Cynthia Rutledge - Contemporary Designs of Timeless Elegance
Jewels of a Maharani
©2018 by Cynthia Rutledge

Jewels of a Maharani ©2018 by Cynthia Rutledge

Maharani Sita Devi (1917 - 1989) was known the world over for her extravagant lifestyle as the wife of Maharaja Pratap Singh Gaekwar of Baroda, the 8th richest man in the world in his day.

She was a great beauty with a love for fine jewelry. She was high society, very popular and extremely outgoing in her ways. Sita Devi showed off her jewelry in a non-tradition Indian way. Even though she wore fabulous saris, she would make sure that the beautiful fabrics didn't cover up any of the jewels being worn, and, her head was usually uncovered. She even smoked in public!

The Maharani was a regular customer of Harry Winston, Cartier and Van Cleef and Arpels. Sita Devi was also the proud owner of the famous seven-strand Basra Pearl necklace, the 34.65-carat Princie Diamond (one of the largest pink diamonds ever found valued at 40 million dollars), the Dresden (78.5 carats) and the Star of the South diamonds (128.48 carats).

Indian royals are known to own some of the worlds most expensive gemstones and jewelry. The wearing of these jewels brings to light India's fine craftsmanship, exquisite designs and it's riches.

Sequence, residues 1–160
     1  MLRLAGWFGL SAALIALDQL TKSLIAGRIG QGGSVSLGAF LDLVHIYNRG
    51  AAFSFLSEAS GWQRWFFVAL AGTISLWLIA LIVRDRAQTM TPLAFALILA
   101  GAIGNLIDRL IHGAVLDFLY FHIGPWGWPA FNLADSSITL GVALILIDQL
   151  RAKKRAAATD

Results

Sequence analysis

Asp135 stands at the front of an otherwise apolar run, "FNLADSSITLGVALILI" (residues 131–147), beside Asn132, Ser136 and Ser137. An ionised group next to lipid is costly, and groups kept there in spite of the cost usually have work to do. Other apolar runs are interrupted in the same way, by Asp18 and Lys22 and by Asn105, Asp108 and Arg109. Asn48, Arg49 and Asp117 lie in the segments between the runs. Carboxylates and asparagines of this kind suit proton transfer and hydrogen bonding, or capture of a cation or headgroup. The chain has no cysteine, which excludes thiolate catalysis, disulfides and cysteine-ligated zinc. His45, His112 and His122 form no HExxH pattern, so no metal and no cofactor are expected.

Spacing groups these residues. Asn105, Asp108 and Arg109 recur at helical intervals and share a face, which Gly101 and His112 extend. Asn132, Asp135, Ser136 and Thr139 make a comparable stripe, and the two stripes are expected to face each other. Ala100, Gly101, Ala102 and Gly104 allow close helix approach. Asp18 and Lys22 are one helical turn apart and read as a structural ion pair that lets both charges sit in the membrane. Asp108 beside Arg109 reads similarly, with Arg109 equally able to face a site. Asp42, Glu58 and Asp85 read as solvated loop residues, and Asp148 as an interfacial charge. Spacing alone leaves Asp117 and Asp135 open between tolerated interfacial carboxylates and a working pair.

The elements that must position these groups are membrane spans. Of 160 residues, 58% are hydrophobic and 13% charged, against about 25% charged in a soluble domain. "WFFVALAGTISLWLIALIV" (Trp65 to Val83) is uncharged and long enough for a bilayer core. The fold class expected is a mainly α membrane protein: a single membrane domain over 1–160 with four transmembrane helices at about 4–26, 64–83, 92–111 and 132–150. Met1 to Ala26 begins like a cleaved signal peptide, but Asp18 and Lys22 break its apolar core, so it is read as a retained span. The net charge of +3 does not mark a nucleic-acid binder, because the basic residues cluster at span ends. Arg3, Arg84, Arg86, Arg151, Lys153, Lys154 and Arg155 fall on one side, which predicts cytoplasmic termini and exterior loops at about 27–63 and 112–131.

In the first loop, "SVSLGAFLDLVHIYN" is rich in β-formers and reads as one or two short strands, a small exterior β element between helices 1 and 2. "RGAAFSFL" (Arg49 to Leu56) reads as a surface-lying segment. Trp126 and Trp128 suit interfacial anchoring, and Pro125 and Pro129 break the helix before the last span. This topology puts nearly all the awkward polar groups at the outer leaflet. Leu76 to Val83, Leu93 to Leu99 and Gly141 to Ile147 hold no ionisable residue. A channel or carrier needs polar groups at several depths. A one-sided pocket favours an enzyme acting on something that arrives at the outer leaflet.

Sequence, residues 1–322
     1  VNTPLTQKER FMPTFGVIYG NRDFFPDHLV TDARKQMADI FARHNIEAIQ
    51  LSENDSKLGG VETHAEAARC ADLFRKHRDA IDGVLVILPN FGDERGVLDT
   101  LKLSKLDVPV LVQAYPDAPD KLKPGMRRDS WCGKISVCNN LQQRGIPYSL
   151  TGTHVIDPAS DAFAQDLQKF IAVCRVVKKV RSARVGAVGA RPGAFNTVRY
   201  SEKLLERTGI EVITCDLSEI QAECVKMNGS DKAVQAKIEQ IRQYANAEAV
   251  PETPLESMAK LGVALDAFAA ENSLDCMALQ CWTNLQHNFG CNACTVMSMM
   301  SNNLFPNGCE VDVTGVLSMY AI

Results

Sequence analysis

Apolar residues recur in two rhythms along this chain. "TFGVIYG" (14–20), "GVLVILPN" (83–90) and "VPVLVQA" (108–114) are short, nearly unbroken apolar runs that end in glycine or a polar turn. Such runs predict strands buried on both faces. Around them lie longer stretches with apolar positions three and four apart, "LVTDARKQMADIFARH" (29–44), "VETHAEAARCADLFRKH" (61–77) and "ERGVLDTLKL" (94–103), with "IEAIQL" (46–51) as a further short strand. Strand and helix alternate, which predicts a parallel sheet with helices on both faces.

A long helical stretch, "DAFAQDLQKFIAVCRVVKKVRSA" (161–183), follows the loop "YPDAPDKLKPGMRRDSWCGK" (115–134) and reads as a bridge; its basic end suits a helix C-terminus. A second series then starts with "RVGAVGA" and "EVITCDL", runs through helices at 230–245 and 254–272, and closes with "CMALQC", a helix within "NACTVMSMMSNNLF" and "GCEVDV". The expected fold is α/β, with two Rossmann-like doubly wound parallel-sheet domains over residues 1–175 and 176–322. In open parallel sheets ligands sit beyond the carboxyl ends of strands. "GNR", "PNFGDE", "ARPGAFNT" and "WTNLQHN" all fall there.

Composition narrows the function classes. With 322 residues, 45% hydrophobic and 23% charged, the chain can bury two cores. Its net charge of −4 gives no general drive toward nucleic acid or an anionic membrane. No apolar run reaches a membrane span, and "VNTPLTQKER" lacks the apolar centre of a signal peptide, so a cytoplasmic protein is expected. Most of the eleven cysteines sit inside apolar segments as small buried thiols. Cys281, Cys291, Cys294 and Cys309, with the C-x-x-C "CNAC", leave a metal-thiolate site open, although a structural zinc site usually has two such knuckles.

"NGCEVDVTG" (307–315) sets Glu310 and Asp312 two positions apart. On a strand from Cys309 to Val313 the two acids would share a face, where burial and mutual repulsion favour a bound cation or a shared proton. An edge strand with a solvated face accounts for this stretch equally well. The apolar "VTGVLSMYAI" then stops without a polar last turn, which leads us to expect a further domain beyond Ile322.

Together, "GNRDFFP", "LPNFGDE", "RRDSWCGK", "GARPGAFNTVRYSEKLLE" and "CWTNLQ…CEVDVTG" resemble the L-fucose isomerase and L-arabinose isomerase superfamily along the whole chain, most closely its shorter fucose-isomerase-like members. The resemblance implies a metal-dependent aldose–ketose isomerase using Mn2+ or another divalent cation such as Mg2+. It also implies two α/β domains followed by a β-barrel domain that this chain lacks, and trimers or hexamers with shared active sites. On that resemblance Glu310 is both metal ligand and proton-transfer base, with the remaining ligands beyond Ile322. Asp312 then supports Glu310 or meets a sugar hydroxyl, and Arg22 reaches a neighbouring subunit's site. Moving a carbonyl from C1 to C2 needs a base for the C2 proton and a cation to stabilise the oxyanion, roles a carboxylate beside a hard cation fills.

Jewels of a Maharani was inspired by the style of jewelry known as Kundan. The word, Kundan, means "pure gold". The process is to make a thin gold foil that either sits between the gemstone and the mount to reflect light or the foil is pressed and molded around the edge of the gemstone or pearl. It is one of the oldest forms of jewelry made and worn in India.

In the case of this design, an oval CZ is bezeled and mounted on top of a shaped tubular structure. Two netted pearl ropes, evoking the style of Kundan, pass through the main terminal focal piece and end in a sliding clasp.

Workshop: This is a one-day workshop.

Skill level: Intermediate to advanced

Tubular, even-count peyote stitch with shaping
Flat circular peyote stitch with increasing
Flat, odd-count, peyote stitch using step up/step-down techniques
Tubular filled netting
Embellishing techniques


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